Zhang Tiandong, product technology chief of Hongyunhonghe Tobacco Group, a unit of China Tobacco in Yunnan province, was charged in 2019 for taking bribes of more than 2 million RMB from a Huabao subsidiary...
Huabao had a revenue in 2022 of 1.44 billion RMB, 76% of which came from its edible flavours business, consisting primarily of product sold to China Tobacco subsidiaries. A prospectus for Huabao’s 2017 IPO indicated that over 80% of its sales since 2014 were attributed to China Tobacco.
Chu entered the tobacco flavours business in 1996 and has since worked with several China Tobacco subsidiaries to form joint ventures to supply China Tobacco’s plants. The partnerships have boosted Huabao’s growth into China’s largest producer of tobacco flavours.
Huabao has been part of several graft investigations in the tobacco industry over the past few years. Zhang Tiandong, product technology chief of Hongyunhonghe Tobacco Group, a unit of China Tobacco in Yunnan province, was charged in 2019 for taking bribes of more than 2 million RMB from a Huabao subsidiary, according to court documents.
In 2018, Feng Bin, a senior official at China Tobacco Yunnan, came under investigation and was accused of taking bribes from a Chu Lam Yiu and a Huabao subsidiary, court records show.
Shockwaves in Yunnan
Yunnan in southwest China, the country’s biggest province for tobacco farming and cigarette production, is a focal point for corruption investigations.
“We have been repeatedly inspected over the past two years and many suppliers have been scrutinised,” said an official at China Tobacco’s Yunnan unit. “The recent round [of inspection] is said to be triggered by the probe of Chu Lam Yiu.”
Since 2021, three former heads of China Tobacco Yunnan have come under investigation, including former chair Ye Libin, former general manager Zhang Shuichang and deputy Gu Bo.
On 24 January 2022, the same day Huabao announced the investigation of Chu Lam Yiu, the CCDI revealed that Zhou Tao, the general manager of China Tobacco Yunnan, had surrendered himself as part of a probe. Zhou, who headed China Tobacco Yunnan since late 2018, had previously held senior positions in various units of China Tobacco in Jiangsu and Guangxi.
In November, criminal charges for accepting bribes were filed against Zhou, who pleaded guilty during a hearing in late April. Sentencing has not been announced.
The probe that started in late 2021 on Yao Qingyan, former Communist Party chief and general manager of China Tobacco's Jiangxi branch, is also believed to be related to Yao's decades-long career in Yunnan.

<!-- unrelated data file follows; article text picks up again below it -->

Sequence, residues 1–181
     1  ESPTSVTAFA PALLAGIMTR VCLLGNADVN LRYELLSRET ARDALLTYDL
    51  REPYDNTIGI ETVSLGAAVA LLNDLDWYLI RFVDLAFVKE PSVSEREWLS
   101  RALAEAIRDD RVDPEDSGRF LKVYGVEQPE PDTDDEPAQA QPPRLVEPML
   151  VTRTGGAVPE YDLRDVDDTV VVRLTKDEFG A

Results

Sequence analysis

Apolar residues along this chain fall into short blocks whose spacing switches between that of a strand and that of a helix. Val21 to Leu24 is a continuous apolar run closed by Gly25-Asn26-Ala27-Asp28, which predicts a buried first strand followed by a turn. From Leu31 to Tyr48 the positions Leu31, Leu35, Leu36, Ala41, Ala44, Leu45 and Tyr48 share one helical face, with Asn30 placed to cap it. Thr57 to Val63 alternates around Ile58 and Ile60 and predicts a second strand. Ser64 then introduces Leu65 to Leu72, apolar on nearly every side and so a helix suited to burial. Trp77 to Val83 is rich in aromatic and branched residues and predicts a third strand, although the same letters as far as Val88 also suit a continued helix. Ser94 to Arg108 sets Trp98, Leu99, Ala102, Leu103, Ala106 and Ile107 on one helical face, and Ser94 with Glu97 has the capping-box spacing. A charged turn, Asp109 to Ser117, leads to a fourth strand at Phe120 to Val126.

The richest brothers in Yunnan, Li Xiaoming and Li Xiaohua, have also become involved in the tobacco industry crackdown. The Li brothers control Yunnan Energy New Material Co. Ltd., a supplier of film and paper packaging products.
Yao, 65, started his career in the Yuxi Tobacco Plant in Yunnan. In 1995, the facility was restructured into Hongta Tobacco Group, China’s largest cigarette maker and producer of Yuzi, one of the nation’s most popular brands. The manufacturer is owned by China Tobacco Yunnan. In 2002, Yao was promoted to president of Hongta. Three years later, he became a deputy general manager of China Tobacco Yunnan.
Former colleagues described Yao as a capable and hardworking manager. He is also known as an expert in tobacco formulation technology.
Yao, who maintained close relationships with the business circle, had previously been investigated by the party for allegedly receiving a car as a gift from a businessman, according to a former Hongta executive. The investigation did not result in any penalties, the person said.
“I was initially surprised” by news of the investigation of Yao, the former executive said. “But upon reflecting on his friends, it doesn't seem as surprising.”
The richest brothers in Yunnan, Li Xiaoming and Li Xiaohua, have also become involved in the tobacco industry crackdown. The Li brothers control Yunnan Energy New Material Co. Ltd., a supplier of film and paper packaging products. The company is the world’s largest supplier of lithium-ion battery separator film.